If you go to the "full cast" link on the Barney Miller imdb page, beginning with John Dullaghan, look how many times those actors were all used! In that entire list from Dullaghan down, all but a few recurring roles have multiple character names listed for each actor -- many as many as 5, 6, or 7 roles!

In a show that sometimes had recurring characters, this became downright confusing. I can't imagine a TV show doing this now.

* * * *

The Barney Miller marital rape episode was puzzling, but, as it turns out, not uniquely strange: how about an episode featuring a child prostitute, played for laughs?

In "Call Girl," from Season 6, young Tasha Zemrus plays Rhonda Haleck, a sex worker so young and innocent that when asked for her age, replies "Fifteen and a half." She is a bit tough and wise-cracking, but appears squeaky-clean, well dressed, and well fed, in a way that a teenage street-walker would not.

Young Rhonda, sex worker, getting schooled by
Sassy Black Prostitute, sitcom edition.
Rhonda lives at a group home, and Detective Dorsey (played by Paul Lieber, the above-mentioned sometimes criminal, sometimes detective) uncovers the odd "coincidence" that numerous underage residents of the home have been arrested on similar charges. He accuses the avuncular adult who runs the home of pimping, and vows to watch him closely. (You can watch the episode here.)

Yet despite this suspicious revelation, Rhonda is sent home with the older man, and everyone has a good laugh at her cute little jokes.

Can you imagine a sitcom today playing child prostitution for laughs? Sex workers are a regular part of Barney Miller. They are always clean, well-dressed, and sassy. Some readers may remember Mary Tyler Moore's character Mary Richards getting arrested with a bunch of sex workers. They were also clean, well-dressed, and sassy. I guess that was the 1970s sitcom version of prostitution, more Neil Simon than Charles Dickens.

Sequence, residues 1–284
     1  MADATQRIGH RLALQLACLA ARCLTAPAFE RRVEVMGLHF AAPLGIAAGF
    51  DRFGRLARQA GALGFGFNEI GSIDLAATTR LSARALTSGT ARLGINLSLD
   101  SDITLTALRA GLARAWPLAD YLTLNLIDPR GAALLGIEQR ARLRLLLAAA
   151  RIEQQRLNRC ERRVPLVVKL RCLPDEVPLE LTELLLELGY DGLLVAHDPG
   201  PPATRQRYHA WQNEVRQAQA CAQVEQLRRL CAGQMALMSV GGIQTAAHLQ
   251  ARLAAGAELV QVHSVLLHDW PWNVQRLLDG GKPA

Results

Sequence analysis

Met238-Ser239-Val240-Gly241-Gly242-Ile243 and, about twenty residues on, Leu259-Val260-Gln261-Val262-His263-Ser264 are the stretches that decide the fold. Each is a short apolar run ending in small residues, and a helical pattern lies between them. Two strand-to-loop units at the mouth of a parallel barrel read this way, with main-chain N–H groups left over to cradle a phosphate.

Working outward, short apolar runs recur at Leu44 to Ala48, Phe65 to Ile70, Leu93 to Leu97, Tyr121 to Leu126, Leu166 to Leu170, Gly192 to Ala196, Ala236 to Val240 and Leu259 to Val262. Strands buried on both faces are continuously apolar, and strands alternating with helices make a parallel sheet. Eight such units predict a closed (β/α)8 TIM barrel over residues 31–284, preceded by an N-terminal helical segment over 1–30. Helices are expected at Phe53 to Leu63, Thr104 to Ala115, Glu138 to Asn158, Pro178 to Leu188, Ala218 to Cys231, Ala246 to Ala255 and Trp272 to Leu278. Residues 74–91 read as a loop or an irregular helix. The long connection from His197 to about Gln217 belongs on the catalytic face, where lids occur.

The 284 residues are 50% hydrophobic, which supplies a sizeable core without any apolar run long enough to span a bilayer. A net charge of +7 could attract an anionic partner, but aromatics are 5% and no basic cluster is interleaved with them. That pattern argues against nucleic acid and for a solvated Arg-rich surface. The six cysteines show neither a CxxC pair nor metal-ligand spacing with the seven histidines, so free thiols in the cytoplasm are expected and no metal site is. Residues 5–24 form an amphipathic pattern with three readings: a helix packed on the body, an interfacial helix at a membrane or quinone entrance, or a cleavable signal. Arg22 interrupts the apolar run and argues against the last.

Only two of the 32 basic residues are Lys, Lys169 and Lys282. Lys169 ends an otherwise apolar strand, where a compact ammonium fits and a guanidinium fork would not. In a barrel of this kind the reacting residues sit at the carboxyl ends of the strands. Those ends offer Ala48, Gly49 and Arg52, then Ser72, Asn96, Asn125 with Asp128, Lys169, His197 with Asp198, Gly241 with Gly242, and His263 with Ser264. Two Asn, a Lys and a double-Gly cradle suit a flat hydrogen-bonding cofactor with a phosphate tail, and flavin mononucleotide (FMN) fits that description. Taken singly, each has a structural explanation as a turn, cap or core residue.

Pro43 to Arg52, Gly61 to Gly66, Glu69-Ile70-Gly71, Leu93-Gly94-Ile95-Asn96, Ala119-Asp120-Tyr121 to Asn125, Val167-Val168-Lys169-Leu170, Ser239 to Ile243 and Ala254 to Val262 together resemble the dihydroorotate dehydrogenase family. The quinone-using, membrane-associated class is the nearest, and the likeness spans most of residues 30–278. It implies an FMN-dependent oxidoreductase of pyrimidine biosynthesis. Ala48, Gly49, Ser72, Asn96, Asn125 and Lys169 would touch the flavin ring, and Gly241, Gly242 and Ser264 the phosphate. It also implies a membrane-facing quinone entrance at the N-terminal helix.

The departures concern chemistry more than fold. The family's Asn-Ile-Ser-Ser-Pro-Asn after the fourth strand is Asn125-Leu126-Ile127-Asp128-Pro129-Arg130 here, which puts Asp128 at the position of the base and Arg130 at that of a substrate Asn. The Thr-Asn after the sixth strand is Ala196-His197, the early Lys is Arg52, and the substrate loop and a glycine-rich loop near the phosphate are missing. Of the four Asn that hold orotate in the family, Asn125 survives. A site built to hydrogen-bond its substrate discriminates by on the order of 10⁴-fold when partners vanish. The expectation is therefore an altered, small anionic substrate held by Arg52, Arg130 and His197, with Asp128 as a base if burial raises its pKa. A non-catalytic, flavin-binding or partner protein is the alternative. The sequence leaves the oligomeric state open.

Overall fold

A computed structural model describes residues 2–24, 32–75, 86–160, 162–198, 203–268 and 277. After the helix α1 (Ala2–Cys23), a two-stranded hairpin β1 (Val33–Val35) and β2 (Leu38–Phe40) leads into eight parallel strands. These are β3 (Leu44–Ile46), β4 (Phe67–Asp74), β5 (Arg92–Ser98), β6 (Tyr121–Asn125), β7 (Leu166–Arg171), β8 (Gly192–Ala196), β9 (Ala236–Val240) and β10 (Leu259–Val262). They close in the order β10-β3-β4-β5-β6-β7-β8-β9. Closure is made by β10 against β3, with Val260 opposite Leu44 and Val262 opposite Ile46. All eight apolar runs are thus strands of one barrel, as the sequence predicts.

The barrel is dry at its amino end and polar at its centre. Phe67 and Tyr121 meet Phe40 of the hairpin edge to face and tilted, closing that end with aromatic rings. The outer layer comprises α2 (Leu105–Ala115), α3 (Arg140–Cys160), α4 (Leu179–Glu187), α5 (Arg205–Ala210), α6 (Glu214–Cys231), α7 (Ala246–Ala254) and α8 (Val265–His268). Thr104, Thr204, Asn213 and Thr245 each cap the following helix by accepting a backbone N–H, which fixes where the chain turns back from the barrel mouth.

10.05.2017

alds begins today

This Red Sox team has been driving me crazy, seesawing between amazing and horrendous. I don't have a lot of optimism right now, especially after our dismal showing against Houston ... the team we meet in the first round of playoffs.


Dear Red Sox,

Please be amazing.

Love always,

A fan with no expectations

10.04.2017

thoughts on the latest u.s. gun massacre

As part of my continuing efforts to post here rather than -- or at least in addition to -- Facebook, here are some thoughts on the latest horrific massacre in the US, the country music festival in Las Vegas.

First, the inevitability of recurrence. When hearing about mass shootings in the United States, the worst part -- the most tragic, the most outrageous part -- is the certainty of knowing that nothing will change. That it will happen again, and again, and again.

A solution is known, of course. We won't end the culture of violence that permeates the US, but we can end access to large numbers of deadly weapons. The fact that the vice grip of a deadly special interest group outweighs the basic human rights of life and safety speaks volumes about the US political system. The congressmembers and senators who are bought and paid for by the NRA can never wash the blood off their hands.

Second, the true body count. Allan and I were talking about what it might have been like to be there. I admit I don't usually do this. I usually think about these massacres on a social and political level, somewhat removed from true empathy. But thinking a lot about the survivors, I know that every one of them will have PTSD. Many of them may never recover a fully healthy mental state.

Given the cost of mental health resources, the lack or absence of public mental health support, the survivors may or may not find help for this condition.

However high the final number of dead and wounded, the true numbers will never be known.

10.03.2017

rip tom petty

The death of Tom Petty is terrible, shocking, dare I say heartbreaking news. From the moment I heard those unmistakeable first notes of "American Girl," I was hooked. I was a teenager when Petty first fought the battle to hold down the price of records. (Archival story about that here.) It would be the first of many battles for him, and he was always on the side of the good -- musicians and fans.

I didn't like all his music, and disliked some of his biggest hits, but once you saw Tom Petty and the Heartbreakers live, you never forgot them. They were a bar band, writ large -- pared down, straightforward, bash, pop, and plenty of swing. I loved Benmont Tench and Mike Campbell, and the energy between all the performers was electrifying.